If you seem to be hitting more bumps in the road on Baltimore's streets, it's at least partly by design.
Since the late 1990s, the city, acting at the request of residents seeking to slow drivers speeding through their neighborhoods, has installed one or more speed humps at nearly 100 locations. Two dozen more requests are pending, from Forest Park in Northwest Baltimore to Cherry Hill in South Baltimore, and more are arriving every week.
The city's Department of Transportation Web site lists "How do I get a speed hump installed in my neighborhood?" among the half-dozen most frequently asked questions, along with "My vehicle has been towed ... how do I get it back?" and "How do I report a pothole?"
But even as the requests continue, the move to install the devices is encountering some bumpy roads.
In North Baltimore last month, after a contentious months-long debate, a proposal to have speed humps installed on stretches of two well-traveled city streets fell short of the required supermajority of area residents - for the second time in the past two years.
"There are just too many negatives, and they weren't going to resolve things," said Mari Ross, who voted against installation of the devices on Lake and Gittings avenues between Charles Street and York Road. "I have a 93-year-old mother who lives with me. I'd like to think that if she had a problem, emergency vehicles could get there in a timely fashion without slowing down for speed humps."
The outcome disappointed Daniela Calzetti, who went door to door in her Cedarcroft neighborhood advocating the speed humps because of concerns for her two small children.
"My children are forbidden from going on the front lawn," said Calzetti, whose house is on Gittings Avenue. "The road is definitely dangerous."
The devices are designed to do what police can't: provide round-the-clock traffic control. Outside the United States, speed humps are often called "sleeping policemen." In Jamaica, signs warn: "Sleeping Policemen Ahead."
While most agree the humps do slow traffic, others say they don't really solve the problem, they just move it from one street to another. And driver advocates and transportation officials acknowledge that the issues raised by speed humps and other so-called "traffic-calming" devices extend beyond neighborhood boundaries, pitting residents' wishes to live in as sedate an environment as possible against the desire of commuters to travel relatively unimpeded.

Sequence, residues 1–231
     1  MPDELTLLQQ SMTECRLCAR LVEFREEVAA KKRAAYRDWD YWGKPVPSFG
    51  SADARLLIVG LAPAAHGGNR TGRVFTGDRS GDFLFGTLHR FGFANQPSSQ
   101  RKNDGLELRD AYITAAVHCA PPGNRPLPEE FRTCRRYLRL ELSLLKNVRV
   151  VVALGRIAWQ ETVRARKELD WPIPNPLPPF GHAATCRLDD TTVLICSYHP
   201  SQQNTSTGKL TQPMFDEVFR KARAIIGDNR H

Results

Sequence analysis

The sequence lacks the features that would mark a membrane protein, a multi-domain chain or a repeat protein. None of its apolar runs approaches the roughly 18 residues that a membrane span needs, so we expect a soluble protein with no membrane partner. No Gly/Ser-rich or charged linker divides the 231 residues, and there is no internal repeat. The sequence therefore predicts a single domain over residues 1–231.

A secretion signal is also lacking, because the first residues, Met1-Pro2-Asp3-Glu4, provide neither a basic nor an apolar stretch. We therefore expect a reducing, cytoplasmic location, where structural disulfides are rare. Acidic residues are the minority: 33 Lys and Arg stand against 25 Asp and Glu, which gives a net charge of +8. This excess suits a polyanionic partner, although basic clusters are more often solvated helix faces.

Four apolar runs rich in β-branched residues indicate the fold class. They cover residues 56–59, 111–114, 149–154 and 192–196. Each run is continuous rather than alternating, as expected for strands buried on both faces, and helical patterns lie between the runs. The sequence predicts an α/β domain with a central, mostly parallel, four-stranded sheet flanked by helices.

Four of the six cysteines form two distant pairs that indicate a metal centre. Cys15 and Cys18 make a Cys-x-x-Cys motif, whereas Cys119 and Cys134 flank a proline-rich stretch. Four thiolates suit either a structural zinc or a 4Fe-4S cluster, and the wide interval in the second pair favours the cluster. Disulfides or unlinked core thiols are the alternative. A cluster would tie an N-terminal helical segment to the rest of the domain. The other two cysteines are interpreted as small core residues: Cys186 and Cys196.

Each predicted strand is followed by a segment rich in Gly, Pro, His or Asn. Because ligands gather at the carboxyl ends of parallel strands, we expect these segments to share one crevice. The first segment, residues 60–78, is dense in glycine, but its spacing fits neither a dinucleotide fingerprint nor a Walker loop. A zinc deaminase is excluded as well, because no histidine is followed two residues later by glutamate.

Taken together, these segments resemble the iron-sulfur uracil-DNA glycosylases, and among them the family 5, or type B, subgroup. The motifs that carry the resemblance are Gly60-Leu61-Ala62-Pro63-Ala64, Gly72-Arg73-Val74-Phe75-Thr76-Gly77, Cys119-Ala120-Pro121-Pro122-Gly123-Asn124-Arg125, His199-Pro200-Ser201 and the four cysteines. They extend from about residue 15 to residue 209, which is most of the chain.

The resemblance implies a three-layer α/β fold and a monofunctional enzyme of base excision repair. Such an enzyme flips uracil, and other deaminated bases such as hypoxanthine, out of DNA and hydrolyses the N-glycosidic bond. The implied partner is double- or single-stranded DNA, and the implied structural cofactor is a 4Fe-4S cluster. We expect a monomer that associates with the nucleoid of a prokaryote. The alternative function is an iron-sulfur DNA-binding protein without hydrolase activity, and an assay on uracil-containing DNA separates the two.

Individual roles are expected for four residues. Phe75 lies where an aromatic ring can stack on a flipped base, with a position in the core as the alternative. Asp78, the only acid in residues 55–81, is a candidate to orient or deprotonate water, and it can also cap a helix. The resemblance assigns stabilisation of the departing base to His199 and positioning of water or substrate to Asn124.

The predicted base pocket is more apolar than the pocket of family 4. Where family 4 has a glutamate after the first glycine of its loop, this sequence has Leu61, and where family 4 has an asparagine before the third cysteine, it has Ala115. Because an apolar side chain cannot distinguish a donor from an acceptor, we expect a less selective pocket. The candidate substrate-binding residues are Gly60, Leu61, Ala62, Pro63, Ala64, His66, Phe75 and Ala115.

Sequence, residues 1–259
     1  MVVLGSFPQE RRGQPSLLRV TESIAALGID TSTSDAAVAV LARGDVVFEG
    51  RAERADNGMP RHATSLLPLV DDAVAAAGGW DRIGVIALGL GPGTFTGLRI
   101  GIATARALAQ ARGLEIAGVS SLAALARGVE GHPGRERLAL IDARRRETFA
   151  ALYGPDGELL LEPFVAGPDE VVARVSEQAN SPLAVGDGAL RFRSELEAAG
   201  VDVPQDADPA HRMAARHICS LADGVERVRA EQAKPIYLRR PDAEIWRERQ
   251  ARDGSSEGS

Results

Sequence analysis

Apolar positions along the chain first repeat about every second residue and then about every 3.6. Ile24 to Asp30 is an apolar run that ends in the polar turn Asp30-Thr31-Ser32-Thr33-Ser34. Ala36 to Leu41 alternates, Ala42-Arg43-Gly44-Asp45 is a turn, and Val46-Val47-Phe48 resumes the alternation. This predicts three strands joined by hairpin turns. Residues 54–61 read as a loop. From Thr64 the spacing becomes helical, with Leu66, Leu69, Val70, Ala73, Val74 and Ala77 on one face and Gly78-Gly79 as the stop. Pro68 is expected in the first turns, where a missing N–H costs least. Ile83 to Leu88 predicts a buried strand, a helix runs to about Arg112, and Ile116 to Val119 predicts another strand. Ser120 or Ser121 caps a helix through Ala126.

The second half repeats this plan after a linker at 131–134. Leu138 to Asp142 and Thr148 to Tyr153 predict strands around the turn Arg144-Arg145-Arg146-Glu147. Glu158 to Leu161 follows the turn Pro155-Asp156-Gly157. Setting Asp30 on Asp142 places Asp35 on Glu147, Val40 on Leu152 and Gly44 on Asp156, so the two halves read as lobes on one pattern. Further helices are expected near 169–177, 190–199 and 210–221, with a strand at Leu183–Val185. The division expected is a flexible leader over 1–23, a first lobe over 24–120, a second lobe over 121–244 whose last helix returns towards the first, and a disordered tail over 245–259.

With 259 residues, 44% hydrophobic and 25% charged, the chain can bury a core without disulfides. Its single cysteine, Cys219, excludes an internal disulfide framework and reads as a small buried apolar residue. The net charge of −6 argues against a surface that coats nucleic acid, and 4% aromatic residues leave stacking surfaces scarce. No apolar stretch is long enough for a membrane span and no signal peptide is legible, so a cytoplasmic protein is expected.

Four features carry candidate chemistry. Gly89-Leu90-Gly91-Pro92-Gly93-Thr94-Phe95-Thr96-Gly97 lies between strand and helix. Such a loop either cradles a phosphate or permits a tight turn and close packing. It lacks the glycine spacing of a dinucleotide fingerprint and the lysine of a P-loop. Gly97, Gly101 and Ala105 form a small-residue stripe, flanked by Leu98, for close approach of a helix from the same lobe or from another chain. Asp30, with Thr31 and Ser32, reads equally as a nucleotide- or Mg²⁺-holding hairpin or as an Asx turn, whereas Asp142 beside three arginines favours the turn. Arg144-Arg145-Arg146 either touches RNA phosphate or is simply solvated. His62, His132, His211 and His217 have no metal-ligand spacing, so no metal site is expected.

"People do have a right to go through neighborhoods," said John White, head of public and governmental relations for AAA of Maryland. "They also have to obey the speed limit.
"If neighborhood streets are becoming thoroughfares, the local jurisdiction needs to see how it can increase capacity on major thoroughfares," he added.
Striking a balance
Frank J. Murphy, Baltimore's chief of transportation planning, said having too many speed humps could create a "motorist backlash."
"We feel you need to have a balance," he said. "You don't want so many speed humps that people get irritated."
If that happens, they could ignore other laws, such as stop signs, creating more problems, he said.
Baltimore and Howard counties are among the jurisdictions that have decided to curtail their use as much as possible, opting for other ways to control speed.
"While these devices are effective in reducing speed and are relatively inexpensive to build, they also cause aggravation to motorists and can cause them to divert onto other local streets to avoid them," according to a Baltimore County policy adopted in the spring and posted on its Department of Public Works' Web site.
This fall, the county plans to install its first speed hump on Placid Avenue north of Carney, said Darrell Wiles, Baltimore County's chief of traffic and transportation, along with two "chokers" - extensions of curbs to reduce the road width.
Humps "bring more negative baggage than any of the other devices" to reduce speed, Wiles said. "If other measures can be applied, the other measures, we felt, were more desirable."
The city has occasionally used other devices to slow traffic, such as traffic islands, but they are not suitable for all streets and must go through a more complex budgeting and contracting process, Murphy said. In fact, the city agreed to allow concrete bump-outs, designed to slow traffic by reducing the width of lanes, as well as speed humps on Gittings Avenue, but that alternative also failed to muster the needed votes.
The city installs speed humps, which cost about $2,000 apiece, only after careful study, he said.